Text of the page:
I'm not an expert, but judging from the Wikipedia articles, YCbCr is used for image compression (JPEG and television [YPbPr]), while HSI is used in computer vision. Since you're doing computer vision, if we believe Wikipedia then you should use HSI. Of course, you could always experiment with both representations and all six dimensions. See what works best. ...


2

The trick here is that this works well provided that your rules can be expressed in predicate form. Is golf still fun if it's raining, or if you play poorly? If you need something more flexible, you might want to look at some statistical/Baysean tools. There, you'd say that golf had a high probability of being fun, not that it was always fun all the time ...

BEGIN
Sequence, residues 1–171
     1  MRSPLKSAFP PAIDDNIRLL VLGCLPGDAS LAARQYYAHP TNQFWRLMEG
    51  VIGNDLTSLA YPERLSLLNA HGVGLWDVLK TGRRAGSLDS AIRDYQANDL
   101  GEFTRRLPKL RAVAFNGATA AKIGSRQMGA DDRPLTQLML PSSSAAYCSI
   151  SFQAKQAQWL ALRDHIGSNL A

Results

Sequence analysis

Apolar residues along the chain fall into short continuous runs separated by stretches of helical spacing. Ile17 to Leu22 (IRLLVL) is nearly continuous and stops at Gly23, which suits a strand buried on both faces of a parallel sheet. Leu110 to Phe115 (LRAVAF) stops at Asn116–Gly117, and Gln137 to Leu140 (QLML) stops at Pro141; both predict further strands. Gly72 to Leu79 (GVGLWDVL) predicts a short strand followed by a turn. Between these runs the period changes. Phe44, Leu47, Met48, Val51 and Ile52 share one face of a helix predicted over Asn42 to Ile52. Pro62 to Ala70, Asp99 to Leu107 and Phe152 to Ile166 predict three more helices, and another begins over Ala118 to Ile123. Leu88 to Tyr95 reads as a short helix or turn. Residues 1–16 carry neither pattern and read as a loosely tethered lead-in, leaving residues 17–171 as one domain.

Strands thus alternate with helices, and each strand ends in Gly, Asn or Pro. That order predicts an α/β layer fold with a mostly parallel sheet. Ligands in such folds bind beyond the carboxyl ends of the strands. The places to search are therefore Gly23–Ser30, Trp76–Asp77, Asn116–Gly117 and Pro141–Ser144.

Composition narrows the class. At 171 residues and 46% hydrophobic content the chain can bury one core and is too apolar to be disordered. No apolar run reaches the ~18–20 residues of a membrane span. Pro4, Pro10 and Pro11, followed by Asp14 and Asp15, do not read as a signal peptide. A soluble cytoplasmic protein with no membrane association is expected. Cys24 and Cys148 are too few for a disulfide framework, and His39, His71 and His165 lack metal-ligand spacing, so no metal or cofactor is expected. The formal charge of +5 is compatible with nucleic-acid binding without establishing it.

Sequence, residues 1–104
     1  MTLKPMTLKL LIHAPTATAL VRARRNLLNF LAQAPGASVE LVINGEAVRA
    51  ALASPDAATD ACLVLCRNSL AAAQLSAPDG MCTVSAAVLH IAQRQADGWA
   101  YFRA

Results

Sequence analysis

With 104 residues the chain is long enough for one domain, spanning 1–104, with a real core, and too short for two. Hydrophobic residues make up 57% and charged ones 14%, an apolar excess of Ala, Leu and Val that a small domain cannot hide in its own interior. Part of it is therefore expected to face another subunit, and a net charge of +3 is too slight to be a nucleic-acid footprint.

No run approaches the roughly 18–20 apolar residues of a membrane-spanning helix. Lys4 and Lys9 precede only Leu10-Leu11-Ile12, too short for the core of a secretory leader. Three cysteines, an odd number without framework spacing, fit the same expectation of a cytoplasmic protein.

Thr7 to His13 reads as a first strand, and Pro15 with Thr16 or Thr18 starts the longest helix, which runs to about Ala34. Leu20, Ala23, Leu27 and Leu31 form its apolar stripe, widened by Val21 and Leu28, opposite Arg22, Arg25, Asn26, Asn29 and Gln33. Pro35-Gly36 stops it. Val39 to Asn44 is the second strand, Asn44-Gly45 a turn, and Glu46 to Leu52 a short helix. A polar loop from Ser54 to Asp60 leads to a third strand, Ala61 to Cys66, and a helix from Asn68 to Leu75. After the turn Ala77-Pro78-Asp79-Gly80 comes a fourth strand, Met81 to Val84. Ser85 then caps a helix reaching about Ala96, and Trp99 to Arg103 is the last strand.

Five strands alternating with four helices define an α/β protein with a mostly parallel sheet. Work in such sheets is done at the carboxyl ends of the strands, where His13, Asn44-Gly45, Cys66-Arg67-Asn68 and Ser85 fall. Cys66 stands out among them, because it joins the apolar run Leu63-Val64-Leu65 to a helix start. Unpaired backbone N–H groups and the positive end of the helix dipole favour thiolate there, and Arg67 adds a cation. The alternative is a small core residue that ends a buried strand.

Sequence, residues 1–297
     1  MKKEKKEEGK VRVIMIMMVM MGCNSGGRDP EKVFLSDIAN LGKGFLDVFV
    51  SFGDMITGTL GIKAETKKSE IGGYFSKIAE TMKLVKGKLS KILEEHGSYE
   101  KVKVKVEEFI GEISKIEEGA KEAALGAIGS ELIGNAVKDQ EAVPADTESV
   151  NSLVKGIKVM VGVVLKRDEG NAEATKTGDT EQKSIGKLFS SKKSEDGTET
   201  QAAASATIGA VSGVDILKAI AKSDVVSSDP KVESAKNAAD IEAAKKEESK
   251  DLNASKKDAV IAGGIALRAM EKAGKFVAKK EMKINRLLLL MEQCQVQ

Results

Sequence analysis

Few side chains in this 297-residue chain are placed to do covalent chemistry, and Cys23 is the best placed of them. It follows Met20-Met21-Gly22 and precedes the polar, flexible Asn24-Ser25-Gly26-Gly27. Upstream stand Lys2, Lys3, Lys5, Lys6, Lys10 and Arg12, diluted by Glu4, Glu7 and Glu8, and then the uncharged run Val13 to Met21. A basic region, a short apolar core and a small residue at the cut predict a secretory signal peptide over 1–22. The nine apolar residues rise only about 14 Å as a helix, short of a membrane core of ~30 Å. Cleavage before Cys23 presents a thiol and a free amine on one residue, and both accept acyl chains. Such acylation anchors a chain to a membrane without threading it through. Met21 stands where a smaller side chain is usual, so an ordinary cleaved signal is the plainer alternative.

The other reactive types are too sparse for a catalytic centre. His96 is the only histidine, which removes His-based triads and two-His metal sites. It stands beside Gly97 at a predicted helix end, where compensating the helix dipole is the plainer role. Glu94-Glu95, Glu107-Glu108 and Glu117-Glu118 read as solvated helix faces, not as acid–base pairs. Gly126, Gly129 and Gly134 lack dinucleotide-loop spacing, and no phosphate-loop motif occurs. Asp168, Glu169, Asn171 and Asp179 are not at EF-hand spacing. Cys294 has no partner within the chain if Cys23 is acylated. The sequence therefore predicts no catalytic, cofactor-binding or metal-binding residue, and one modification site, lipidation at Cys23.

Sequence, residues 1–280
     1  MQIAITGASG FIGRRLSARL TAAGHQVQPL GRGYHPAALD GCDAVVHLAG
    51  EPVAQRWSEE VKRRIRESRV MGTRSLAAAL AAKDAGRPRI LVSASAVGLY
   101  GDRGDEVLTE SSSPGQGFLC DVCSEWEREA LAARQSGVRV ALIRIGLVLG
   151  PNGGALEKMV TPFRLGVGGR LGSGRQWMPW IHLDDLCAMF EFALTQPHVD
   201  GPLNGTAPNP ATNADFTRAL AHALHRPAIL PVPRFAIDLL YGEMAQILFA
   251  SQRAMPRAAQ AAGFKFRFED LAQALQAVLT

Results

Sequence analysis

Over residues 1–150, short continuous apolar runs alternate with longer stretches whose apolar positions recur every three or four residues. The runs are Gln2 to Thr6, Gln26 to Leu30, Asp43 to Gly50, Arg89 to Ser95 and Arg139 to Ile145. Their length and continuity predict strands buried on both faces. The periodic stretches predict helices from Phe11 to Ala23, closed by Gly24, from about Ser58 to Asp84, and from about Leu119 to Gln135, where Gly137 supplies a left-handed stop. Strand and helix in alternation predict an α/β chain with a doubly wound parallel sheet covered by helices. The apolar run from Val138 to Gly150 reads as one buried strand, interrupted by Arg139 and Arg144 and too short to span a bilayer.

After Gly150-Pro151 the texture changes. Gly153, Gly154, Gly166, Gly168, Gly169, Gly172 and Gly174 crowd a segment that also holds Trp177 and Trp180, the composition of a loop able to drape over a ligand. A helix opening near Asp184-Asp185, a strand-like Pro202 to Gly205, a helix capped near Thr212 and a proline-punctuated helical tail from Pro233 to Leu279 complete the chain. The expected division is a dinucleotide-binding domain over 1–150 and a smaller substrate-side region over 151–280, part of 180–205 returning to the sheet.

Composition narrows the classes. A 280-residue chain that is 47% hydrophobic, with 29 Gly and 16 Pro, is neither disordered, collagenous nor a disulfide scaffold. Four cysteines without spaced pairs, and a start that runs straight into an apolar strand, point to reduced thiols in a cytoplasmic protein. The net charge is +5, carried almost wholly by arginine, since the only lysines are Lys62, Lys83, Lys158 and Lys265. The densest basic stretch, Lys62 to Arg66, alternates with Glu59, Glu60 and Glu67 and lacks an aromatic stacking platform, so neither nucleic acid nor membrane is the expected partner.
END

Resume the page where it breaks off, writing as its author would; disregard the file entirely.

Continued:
2

The appropriate technique is machine learning. Some keywords you could search for are "music speech discrimination", and you could look at this survey. (These pointers came from Vor's comment.)


2

Rifat, you have to ask your supervisor. If (s)he accepts, then go for it, otherwise go back to the drawing board. If this is, as you say, an area for which an OCR does not yet exist, then it sounds perfectly fine for an undergraduate project, but do not expect any reputable conference or journal to publish your results.